Figure 4. Temporally controlled Isl1 lineage tracing at E11.5 primarily highlights cells of the respiratory epithelium and GnRH-1ns. (A) Cartoon illustrating experiential strategy for Ilset-1CreERT/R26RTdTomato lineage tracing. Tamoxifen induction of Cre recombiantion at E11.5, analysis at E.15.5. (B,C) HuC/D/DsRed double immunostaining shows recombination (tdTomato) in the trigeminal ganglion (TG), the inner ear as well as in cells of the Rathke’s pouch (RP). (D–D”) In the developing nose recombination appears to be mostly restricted to the respiratory epithelium (RE) and ethmoidal (EN) trigeminal projections. (D–D”) Anti tdTomato; OMP; Peripherin immunostaining showed that OMP positive olfactory projections of the main olfactory bulb. Peripherin positive projections to the accessory olfactory bulb appear negative for td Tomato expression. However, tdTomato positive fibers (D’ white arrow), likely belonging to the trigeminal/ethmoid nerve (see EN in D), appeared to project to the ventral OB. (D”) OMP and tdTomato immunoreactivity showed nearly complete absence of OSNs positive for Isl1 tracing. Neurons in the olfactory area appeared mostly negative for Isl1 lineage D”, sparse OMP + tdTomato + cells (Notched arrowhead) could be detected at the border between olfactory and respiratory epithelium, boxed area see D’. Pan neuronal marker HuC/D shows neurons of the developing vomeronasal organ (VNO), mostly negative for Isl1 lineage (E’). HuC/D + neurons at the border between OE and RE (E’) migratory neurons, GnRH-1ns (E”) and HuC/D + only (E”’) were positive for Isl1 tracing. (F) Quantification of recombination in migratory GnRH-1 + and HuC/D GnRH-1 negative neurons. OM, oral mucosa; RP, Rathke’s Pouch; Ctx, cortex; OB, olfactory bulb; bFB, basal Fore Brain; pAOB, putative Accessory Olfactory Bulb.
We detected putative nasopalatine and ethmoidal trigeminal axons positive for Isl1 throughout the nasal area and tangential to the olfactory bulb (Figures 4B–D’). By analyzing the olfactory projections via OMP and Peripherin immunostaining in combination with anti tdTomato staining, we confirmed that Isl1Cre recombination occurred in neurons that appeared to bundle with the olfactory neurons. Notably, most Isl1CreERT traced axons did not appear to project to the main or accessory olfactory bulb (Figures 4D,D’). Analysis of the olfactory epithelium showed a very sparse colocalization between OMP and Isl1Cre mediated recombination. However, immunostaining against the pan neuronal marker HuC/D showed the presence of Isl1 + neurons within the developing olfactory epithelia (Figures 4E,E’). Triple immunostaining against GnRH-1, tdTomato, and the pan neuronal protein HuC/D showed that temporally controlled Isl1CreERT recombination at E11.5 yielded 85% (SE ± 1.88%) of GnRH-1ns, while only 15%(SE ± 0.91) of the migratory (HuC/D + /GnRH−) cells were Isl1 positive. These data suggest that Isl1 expression at E11.5 (Figures 3A–C) is mostly limited to progenitors or precursors of GnRH-1ns and the subsets of other neurons of the MM.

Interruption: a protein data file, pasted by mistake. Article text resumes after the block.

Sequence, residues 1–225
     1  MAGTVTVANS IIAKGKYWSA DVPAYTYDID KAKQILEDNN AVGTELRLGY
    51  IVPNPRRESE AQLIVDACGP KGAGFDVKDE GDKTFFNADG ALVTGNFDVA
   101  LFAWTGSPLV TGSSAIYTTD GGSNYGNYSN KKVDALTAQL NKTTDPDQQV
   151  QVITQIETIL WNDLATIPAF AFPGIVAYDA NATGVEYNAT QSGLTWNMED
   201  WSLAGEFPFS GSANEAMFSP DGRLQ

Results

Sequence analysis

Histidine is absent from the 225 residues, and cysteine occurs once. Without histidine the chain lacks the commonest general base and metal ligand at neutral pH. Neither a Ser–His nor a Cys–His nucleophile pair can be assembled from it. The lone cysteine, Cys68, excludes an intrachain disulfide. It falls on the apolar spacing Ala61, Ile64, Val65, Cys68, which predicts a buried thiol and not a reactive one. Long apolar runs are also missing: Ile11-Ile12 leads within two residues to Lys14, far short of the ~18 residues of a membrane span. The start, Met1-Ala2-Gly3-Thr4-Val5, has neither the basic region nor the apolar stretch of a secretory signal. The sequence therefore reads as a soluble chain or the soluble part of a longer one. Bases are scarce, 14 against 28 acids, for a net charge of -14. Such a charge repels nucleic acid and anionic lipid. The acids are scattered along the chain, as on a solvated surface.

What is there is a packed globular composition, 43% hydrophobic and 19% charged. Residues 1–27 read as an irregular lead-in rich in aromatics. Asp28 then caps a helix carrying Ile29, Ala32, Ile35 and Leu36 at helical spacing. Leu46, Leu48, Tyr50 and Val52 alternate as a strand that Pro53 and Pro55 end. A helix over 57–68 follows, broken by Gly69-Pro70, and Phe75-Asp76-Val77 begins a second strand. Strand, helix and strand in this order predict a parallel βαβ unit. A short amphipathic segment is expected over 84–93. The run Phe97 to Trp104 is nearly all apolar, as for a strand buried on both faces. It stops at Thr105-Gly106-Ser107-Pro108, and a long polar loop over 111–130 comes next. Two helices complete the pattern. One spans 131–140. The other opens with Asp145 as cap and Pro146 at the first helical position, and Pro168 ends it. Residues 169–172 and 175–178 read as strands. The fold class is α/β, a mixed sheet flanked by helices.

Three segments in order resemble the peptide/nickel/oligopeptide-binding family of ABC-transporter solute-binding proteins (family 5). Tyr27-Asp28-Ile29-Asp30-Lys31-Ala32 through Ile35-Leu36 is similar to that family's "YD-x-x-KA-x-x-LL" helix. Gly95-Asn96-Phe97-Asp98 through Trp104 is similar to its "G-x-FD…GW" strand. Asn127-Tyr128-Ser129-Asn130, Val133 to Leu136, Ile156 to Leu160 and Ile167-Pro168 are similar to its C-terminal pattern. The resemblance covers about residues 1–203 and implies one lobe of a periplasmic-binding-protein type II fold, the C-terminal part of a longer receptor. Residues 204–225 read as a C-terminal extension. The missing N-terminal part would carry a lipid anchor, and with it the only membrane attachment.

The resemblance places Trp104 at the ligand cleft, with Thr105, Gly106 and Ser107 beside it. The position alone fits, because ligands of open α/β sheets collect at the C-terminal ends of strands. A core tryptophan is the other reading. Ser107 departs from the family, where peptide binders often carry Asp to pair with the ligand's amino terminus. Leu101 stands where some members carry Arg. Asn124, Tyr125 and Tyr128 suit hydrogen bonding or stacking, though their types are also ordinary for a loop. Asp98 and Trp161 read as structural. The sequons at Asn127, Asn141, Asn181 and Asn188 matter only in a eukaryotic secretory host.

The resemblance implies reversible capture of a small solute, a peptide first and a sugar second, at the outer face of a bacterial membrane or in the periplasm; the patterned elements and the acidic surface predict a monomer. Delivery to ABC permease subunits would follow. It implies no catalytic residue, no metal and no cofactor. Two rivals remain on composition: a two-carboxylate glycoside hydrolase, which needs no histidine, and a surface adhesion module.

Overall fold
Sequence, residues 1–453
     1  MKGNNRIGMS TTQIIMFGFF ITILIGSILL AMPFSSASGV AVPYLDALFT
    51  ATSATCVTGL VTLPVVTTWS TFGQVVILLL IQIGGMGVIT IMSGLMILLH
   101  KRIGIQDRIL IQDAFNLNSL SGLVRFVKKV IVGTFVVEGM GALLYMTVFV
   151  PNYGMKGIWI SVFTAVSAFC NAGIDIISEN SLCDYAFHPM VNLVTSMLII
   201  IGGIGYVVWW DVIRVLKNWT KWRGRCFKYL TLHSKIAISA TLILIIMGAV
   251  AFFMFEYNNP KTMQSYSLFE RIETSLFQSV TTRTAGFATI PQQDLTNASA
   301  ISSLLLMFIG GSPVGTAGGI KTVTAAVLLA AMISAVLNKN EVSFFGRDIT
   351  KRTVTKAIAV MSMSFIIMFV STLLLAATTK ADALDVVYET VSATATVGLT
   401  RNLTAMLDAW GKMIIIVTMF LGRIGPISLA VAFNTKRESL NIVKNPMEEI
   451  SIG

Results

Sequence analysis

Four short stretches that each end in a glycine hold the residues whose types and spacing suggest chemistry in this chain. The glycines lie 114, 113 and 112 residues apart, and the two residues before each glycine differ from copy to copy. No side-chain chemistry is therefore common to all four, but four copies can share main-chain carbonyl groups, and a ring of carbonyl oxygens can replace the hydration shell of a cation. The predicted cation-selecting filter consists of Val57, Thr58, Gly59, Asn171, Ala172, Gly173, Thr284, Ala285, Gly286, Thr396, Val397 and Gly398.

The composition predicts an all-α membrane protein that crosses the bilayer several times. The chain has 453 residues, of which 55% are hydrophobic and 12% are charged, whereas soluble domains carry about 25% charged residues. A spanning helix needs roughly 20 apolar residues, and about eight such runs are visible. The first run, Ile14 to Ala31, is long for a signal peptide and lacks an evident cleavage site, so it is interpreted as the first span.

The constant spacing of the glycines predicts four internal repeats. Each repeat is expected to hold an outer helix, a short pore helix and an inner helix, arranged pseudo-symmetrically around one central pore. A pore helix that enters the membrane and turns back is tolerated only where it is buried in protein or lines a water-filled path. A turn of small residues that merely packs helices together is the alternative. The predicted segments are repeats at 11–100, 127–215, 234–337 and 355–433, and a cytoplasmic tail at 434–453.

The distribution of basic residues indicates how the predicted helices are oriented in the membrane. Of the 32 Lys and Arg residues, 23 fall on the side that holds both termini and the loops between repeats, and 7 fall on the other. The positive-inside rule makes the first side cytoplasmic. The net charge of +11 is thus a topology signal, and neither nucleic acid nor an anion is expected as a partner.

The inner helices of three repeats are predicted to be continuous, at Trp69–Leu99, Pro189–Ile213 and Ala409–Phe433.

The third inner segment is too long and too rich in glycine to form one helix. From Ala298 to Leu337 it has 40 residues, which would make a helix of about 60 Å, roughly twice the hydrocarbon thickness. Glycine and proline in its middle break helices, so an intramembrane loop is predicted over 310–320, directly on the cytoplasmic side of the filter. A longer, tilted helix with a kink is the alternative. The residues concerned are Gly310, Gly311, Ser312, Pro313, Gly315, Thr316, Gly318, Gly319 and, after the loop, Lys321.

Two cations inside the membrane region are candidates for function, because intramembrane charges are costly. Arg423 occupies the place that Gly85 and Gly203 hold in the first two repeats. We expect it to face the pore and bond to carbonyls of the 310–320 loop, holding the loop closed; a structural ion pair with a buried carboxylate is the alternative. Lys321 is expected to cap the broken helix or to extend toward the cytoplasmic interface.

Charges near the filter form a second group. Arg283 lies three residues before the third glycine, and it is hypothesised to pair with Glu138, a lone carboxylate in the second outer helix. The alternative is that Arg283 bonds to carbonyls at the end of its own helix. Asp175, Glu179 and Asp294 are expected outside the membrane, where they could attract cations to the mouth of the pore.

Analysis of Constitutive Isl1 Cre Genetic Lineage Tracing at E14.5
Tamoxifen controlled Cre recombination at E11.5 indicated that few neuronal progenitors and sparse neurons in the OE and VNO were positive for Isl1 as the olfactory pit forms, while the respiratory epithelium, oral mucosa, and the majority of the GnRH-1ns resulted expressing Isl1. To further perform a temporally unbiassed lineage tracing for Isl1, we exploited a traditional Isl1Cre knock-in mouse line. In these mice recombination is expected to occur whenever Isl1 is expressed (Yang et al., 2006). We performed a Cre/Rosa reporter lineage analysis Isl1Cre±/R26tdTomato± at E14.5 and P8. After temporally controlled recombination (Figure 4), constitutively active Isl1 Cre at E14.5 (Figure 5) showed recombination in the trigeminal nerve, cells of the inner ear (Radde-Gallwitz et al., 2004), the Rathke’s pouch forming the anterior pituitary gland (Castinetti et al., 2015), the oral mucosa, and the nasal respiratory epithelium.
Figure 5. Constitutive Isl1 lineage tracing highlights: sparse neurons the OE, VNO, neuronal projections to the ventral OB, GnRH neurons, and some TN fibers. (A,B) Immunostaining against tdTomato of Isl1Cre/R26tdTomato lineage traced embryos at E14.5, showing recombination the trigeminal ganglion (TG), inner ear, Rathke’s pouch (RP), the oral mucosa (OM), respiratory epithelium (RE), and in sparse cells in the OE and VNO. (C) Anti-tdTomato; OMP and (C’) anti-tdTomato; HuC/D staining shows that though almost all the OMP + cells were negative for tracing (arrowheads) (C), those were neurons positive for HuC/D (arrowhead). (D–E”’) Immunostaining against tdTomato, OMP, and Peripherin to highlight the projections of the developing olfactory system reveal that Isl1 tracing (D’–D””) is mostly absent in the OMP + olfactory fibers (OF) and Peripherin + vomeronasal fibers (VNF) innervating the olfactory bulb (OB). GnRH-1 and other cells of the migratory mass positive for the tracing were detected invading the brain along the terminal nerve (TN). (E–E”’) Peripherin positive TN fibers in the brain. Some fibers appear positive for the tracing (solid arrow) while other Peripherin fibers appear to be negative (empty arrow). MM, migratory mass; bFB, basal Fore Brain; OE, Olfactory Epithelium; VNO, Vomeronasal Organ.